Huang Shan Mao Feng by Driftwood Tea. . . . . .

I steeped a tablespoon of leaf in about a cup of 175-degree water for three minutes. (The directions said to use a tablespoon per pot but didn’t say what pot size to use, so I just stuck it in my mug because I was like, it’s probably not going to turn out too strong anyway. And I was right!)

The dry leaf smells a bit vegetal, a bit astringent. Some of the leaves are more intact than others but on the whole they’re long and thin, dark green, and some even slightly fuzzy. They seem to be the growing tips of the plant (a leaf and a bud).

The tea is still almost perfectly clear after it’s finished steeping; it just has the faintest off-white, almost peachy tinge to it. It’s even clearer in color than many white teas I’ve seen!

First sip: it’s light, almost floral, and has vegetal flavors only on the back of the tongue. None of the flavors are very “forward” in the mouth except maybe the light floralness that comes at the front of the sip. It’s not too astringent, but it has a little brightness to it and even offers a comforting, energizing aftertaste. It’s definitely not too overpowering; however, the high-quality leaves should stand up to multiple steepings.

I’ve had to use my sneaky detective skills to find out more about this tea because the info isn’t up on the company’s website right now. Huang Shan Mao Feng is apparently a type of green tea, judging by the processing techniques (no oxidation time, et cetera) but the flavor really reminds me more of a white tea or even maybe a super-mild sheng (raw pu-erh) tea.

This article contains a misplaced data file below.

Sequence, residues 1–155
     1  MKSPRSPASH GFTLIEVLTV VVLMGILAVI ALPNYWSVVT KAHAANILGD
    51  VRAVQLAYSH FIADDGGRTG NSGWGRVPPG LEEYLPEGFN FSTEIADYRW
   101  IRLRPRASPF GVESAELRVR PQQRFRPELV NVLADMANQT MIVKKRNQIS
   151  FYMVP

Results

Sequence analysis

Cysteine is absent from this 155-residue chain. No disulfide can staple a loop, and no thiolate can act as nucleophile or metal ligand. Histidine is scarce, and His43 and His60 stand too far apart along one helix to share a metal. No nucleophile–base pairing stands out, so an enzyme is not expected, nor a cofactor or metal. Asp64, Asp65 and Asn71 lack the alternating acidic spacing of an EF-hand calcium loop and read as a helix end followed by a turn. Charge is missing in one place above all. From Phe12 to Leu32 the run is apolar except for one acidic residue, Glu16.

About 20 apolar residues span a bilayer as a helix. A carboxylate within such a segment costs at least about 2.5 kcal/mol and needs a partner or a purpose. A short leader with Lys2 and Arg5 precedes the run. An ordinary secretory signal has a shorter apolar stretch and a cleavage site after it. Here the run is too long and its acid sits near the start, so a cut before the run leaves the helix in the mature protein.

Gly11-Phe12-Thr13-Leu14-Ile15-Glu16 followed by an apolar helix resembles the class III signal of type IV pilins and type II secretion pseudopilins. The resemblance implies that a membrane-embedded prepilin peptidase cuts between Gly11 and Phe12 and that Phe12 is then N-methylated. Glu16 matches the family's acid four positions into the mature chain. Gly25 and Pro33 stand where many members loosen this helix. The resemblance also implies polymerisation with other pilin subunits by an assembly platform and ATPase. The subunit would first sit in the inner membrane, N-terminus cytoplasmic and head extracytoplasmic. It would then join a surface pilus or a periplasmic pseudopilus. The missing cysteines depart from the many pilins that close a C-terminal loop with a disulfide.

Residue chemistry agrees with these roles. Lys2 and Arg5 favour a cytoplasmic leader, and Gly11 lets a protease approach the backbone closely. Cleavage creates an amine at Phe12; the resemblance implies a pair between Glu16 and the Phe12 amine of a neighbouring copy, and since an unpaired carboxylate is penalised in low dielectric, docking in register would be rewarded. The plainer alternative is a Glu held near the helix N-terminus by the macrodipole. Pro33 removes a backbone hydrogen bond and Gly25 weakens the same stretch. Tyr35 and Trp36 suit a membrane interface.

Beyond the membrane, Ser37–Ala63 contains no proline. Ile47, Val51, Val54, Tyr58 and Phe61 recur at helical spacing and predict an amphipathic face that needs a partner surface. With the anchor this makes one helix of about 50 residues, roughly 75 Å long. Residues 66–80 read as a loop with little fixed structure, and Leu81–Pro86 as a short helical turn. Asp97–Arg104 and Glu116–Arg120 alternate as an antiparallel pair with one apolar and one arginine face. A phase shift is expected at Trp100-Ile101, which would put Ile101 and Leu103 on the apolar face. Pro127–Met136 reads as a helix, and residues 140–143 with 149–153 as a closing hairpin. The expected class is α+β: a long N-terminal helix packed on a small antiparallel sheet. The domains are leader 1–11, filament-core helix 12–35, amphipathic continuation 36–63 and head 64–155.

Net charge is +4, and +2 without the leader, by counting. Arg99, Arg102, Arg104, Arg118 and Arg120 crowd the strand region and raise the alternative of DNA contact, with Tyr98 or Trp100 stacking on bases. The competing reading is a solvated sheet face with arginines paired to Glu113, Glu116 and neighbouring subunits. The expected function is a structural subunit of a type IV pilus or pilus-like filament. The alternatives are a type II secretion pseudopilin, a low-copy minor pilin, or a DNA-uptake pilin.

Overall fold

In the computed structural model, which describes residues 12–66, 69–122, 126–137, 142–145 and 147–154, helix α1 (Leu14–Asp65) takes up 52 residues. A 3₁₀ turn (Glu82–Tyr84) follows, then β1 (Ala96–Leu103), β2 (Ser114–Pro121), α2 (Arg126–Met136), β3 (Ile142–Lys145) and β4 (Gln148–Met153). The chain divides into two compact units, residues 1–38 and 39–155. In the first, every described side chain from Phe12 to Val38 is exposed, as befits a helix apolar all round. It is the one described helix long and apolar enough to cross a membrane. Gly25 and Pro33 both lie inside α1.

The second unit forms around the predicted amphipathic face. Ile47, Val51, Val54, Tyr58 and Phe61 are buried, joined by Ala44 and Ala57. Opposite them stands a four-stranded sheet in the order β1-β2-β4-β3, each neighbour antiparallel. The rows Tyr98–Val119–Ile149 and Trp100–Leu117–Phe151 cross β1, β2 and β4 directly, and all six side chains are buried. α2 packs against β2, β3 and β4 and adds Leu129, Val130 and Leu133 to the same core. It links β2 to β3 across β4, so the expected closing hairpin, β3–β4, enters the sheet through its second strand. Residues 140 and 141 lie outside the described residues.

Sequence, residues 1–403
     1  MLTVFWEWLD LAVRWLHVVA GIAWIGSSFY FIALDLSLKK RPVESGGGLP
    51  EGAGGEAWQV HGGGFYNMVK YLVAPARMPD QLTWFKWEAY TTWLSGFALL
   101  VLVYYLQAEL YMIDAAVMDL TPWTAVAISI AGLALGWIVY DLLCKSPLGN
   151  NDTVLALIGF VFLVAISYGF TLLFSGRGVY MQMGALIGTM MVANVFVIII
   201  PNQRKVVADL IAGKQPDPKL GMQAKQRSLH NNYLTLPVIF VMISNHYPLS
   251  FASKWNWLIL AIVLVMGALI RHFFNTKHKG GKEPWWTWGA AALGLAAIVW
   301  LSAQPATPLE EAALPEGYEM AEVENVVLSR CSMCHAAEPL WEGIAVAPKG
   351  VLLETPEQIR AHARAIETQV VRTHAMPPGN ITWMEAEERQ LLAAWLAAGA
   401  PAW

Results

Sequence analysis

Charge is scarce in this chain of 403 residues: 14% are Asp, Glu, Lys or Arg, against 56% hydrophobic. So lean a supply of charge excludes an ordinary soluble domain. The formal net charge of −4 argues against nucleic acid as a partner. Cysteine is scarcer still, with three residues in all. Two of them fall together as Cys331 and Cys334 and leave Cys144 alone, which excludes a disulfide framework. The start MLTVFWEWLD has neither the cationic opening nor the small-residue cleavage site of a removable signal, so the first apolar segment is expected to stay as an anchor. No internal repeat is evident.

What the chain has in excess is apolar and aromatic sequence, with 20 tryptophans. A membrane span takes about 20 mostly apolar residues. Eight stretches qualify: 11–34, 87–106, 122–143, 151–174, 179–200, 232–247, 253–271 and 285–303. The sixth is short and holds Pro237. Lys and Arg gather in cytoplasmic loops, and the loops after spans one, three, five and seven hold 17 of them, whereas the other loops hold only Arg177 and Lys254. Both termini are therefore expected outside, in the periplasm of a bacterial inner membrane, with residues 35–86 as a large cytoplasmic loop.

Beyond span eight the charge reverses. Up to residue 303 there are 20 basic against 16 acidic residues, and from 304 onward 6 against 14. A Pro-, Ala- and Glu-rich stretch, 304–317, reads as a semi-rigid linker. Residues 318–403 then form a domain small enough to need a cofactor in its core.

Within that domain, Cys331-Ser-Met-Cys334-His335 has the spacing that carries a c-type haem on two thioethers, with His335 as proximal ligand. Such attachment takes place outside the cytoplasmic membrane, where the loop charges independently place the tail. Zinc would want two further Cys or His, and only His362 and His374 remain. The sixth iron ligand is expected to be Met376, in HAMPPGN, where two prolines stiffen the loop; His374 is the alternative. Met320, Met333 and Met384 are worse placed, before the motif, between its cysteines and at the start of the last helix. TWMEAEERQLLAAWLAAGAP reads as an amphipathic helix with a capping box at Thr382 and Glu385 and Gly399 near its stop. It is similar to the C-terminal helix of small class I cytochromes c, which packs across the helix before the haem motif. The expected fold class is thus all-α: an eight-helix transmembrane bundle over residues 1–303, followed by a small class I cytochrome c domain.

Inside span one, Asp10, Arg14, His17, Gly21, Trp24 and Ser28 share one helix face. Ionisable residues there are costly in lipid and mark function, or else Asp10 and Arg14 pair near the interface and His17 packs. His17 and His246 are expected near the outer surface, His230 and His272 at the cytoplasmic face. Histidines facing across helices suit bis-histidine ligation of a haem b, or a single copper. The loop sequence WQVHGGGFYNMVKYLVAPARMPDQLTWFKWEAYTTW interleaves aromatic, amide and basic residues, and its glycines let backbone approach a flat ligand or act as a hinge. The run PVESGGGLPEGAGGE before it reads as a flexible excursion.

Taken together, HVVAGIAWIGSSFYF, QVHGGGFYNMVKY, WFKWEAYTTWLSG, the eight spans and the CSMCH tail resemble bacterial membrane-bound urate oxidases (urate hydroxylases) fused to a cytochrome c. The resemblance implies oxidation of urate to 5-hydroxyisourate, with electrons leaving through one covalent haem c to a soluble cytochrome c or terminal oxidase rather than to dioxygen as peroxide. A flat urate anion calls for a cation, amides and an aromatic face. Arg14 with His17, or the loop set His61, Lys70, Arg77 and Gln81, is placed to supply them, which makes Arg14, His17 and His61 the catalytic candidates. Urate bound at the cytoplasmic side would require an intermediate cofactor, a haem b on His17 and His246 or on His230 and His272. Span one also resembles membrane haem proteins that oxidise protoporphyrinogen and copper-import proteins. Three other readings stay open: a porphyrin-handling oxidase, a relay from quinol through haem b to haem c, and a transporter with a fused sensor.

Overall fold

Altogether it’s a light, gentle cup that I’d recommend for relaxed, pensive afternoons where you’re not necessarily looking for something super dark or highly caffeinated.

 


Here’s the scoop!

Leaf Type:  Green
Where to Buy:  Driftwood Tea
Description

This tea doesn’t appear to be on the site now but click below for teas that are.

Learn even more about this tea and tea company here!

Warm Fuzzy – Hand-blended tea from PaperBoxGoodies

Today’s blend, Warm Fuzzy, comes from Etsy shop PaperBoxGoodies. This teabag came with a cute tag and tea charm, helping remind me that each bag is hand-filled by the small Etsy shop.

Warm Fuzzy lives up to its name,  With fuzzy chamomile blossoms and green tea, this is a cozy, relaxing blend.  The grassy green notes pair easily with the floral, lemony chamomile.  For a tea with blend of herbal ingredients, this was gentle and sweet, definitely not bitter or medicine-like.  I think this blend is best with touch of honey to bring out the natural sweetness in the chamomile. I prefer teas with a bit more spice or boldness, but this is a kind, comforting brew for when you need to calm down and drink something nice-and-easy.

I don’t see Warm Fuzzy in stock on PaperBoxGoodies’ Etsy shop, but there are other intriguing flavors with names like Purple Snozberry, Bluesfest Green, or Passionmint Green.  After the quality of Warm Fuzzy, I look forward to trying other blends from PaperBoxGoodies.


Here’s the scoop!

Leaf Type: Green
Where to Buy: PaperBoxGoodies
Learn even more about this tea and tea company here!

The Stuff of Fairy Tales: Organic Nettle Tea from Republic of Tea

Nettle makes me think of ancient forests, fantasy novels, or fairy tales.  I imagine a character moving through the woods getting stung by nettle, or collecting herbs like nettle for a tea or potion.  The herb’s prickly reputation is featured in folk tales where the hero needs to grasp a bunch of stinging nettles, or make a cloak of nettles to fend of some malicious force or break a spell.  (As a side note, apparently there is a world nettle eating championship.  Who knew?)

All that magic in mind, how does nettle taste as a tea?  The Nettle blend from Republic of Tea tastes slightly green with a strong flavor of creamy vanilla, and just a hint of mint.  It’s unclear to me if the creaminess if from the vanilla flavoring or part of the nettle.  This brew has a smooth and buttery mouthfeel like certain green teas.

I did a little research and the internet tells me that nettle leaves should taste reminiscent of spinach or cucumber, green and mineral in flavor.  I’m not picking up on anything strongly like that in this blend, the vanilla clearly takes over.  Maybe I’m in luck, as a spinach tea doesn’t sound all that appetizing.